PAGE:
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lie says good-bye to Matilda,
And promises that she
Shall light is every viski
'eskie the rolirg se.
le promises i letter .
Shall reach her everIy night.
Tiendown the road he waniders
Aind pases out of slgh.
le soon is at the ocean,
And there meets many gfil.
With brown and iae opties.
And black and glken hair.
lie takes theo ont a-riding,
He taktes themvp to the hop,
And often In theirhb'nOr
Visits the 'andy-hops.
With them he goe a bathing
Upon the shining str amd,
And then they sit and gossip
Upon the shelly san2.
He takes thn to the race7,
And on the horses bets.
And writing not a letter,
Matiila he forgets.
And furious is Matilda.
That paragoln and pearl,
To fin(d t hat George comes hiiewain
EgIaged to another girl.
Why She Loved Hi1m.
'Arabella,' said Mr. Percy De
M ulligan, severely, "why do you
perisist ill recei ving attentions from
that Frederick Von Vanvaler?'
'Because,' replied the fair crea
turc, smashing a cookroach under
her dainty toe. "I love him, dear
ather I love him.'
'Arnd why, my daughter, do you
persist in loving Frederick Von
Vanvalver and remaining in(iffer
ent to the Hon. James O'Brien?
Arabella was silent. Iler- face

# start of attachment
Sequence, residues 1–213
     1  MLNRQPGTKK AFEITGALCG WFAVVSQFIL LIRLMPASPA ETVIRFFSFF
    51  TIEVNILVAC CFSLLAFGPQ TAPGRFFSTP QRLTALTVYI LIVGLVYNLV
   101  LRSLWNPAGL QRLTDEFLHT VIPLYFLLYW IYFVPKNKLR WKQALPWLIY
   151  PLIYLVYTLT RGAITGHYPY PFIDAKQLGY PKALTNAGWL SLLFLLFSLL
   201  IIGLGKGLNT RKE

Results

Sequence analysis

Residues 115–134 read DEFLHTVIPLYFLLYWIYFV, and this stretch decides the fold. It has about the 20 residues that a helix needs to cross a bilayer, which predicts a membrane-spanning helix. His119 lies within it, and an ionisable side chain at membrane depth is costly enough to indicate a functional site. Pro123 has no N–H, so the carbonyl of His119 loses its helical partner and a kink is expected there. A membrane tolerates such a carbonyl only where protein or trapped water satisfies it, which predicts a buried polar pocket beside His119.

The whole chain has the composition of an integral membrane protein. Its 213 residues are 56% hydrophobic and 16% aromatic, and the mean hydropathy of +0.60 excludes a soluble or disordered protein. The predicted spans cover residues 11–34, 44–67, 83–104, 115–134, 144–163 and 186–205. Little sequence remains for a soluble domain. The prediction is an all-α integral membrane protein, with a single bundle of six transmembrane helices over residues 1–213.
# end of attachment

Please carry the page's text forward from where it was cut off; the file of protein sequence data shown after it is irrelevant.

was suffused with bIlshes. (They
were not visible, however, :is the
powder hid them.) She feared
that her father had her foul, or
Wor'ds to that effect.
-The Hon. James O'Brien comes
o1 an old faimily,' resumed Mr. P.
Arabella niodded assent.
'le is supposed to be woi th at
'lie is an Irishman.'
'Therefore he c.)ntrols the vote
of his ward and is likely to be the
next minist-. r to G4ermnany.'
'Fredler'ick Von Va nvaler' is
-Therefore he c'omes of insmigniti
ranut lfri ly.'
Nod No. 2.
'It is said that while at college
he wrote spring poetry.'.
Arabella (lug her claws throngh
he dlirt in the palms of' her
'And he lectured twice.'
'Then why in'rthe name of James
(G. Blaine do you reject the Hion.
Jrames O'Brien and cling to) Fred
cr-ick Von Vanvaler?'
'Oh, father,' cried the gi as she
jumped~ up and knocked her 'heels
together in her wild delirium of
joy, 'Frederick has atoned for' all
the past, he has made amends for
his faulte and to-day he stands
among the honored of the land, far
above even lin. ameso Ovl~rie
'What has he dtnegped the
'He has seAured and.has 'ihe po
biton' of piicher il ha ll
'Come to ny arms,. my darling
girl,' c yed the dalightfl hr
'I ama fool and You are a daisy..
You aud Frederiek shall be utair
ried -su S1 s you. As$ pnd
New - York -shall howlt witkuthe
Wedding. II ai indeed blest in =y
And he went out to take a clove.
Po0LTENE8~ R E wA.RE.-CWil 1
you be kind ncixugh. sir, to hold
this ram For me while I open this
gate? It is fastcned( oMthe isi(de,
and I, must climb over.'
Thi's modest request was made
by a man who was staOndirg at ta
gate on a lonely road' runnuiKg ont
of New Drop. Staten IsLarnl, and
it was addressed to astalwart sail
or who had just come ip. The on
ly Othler object visible on the long,
straight roa( was the lirge black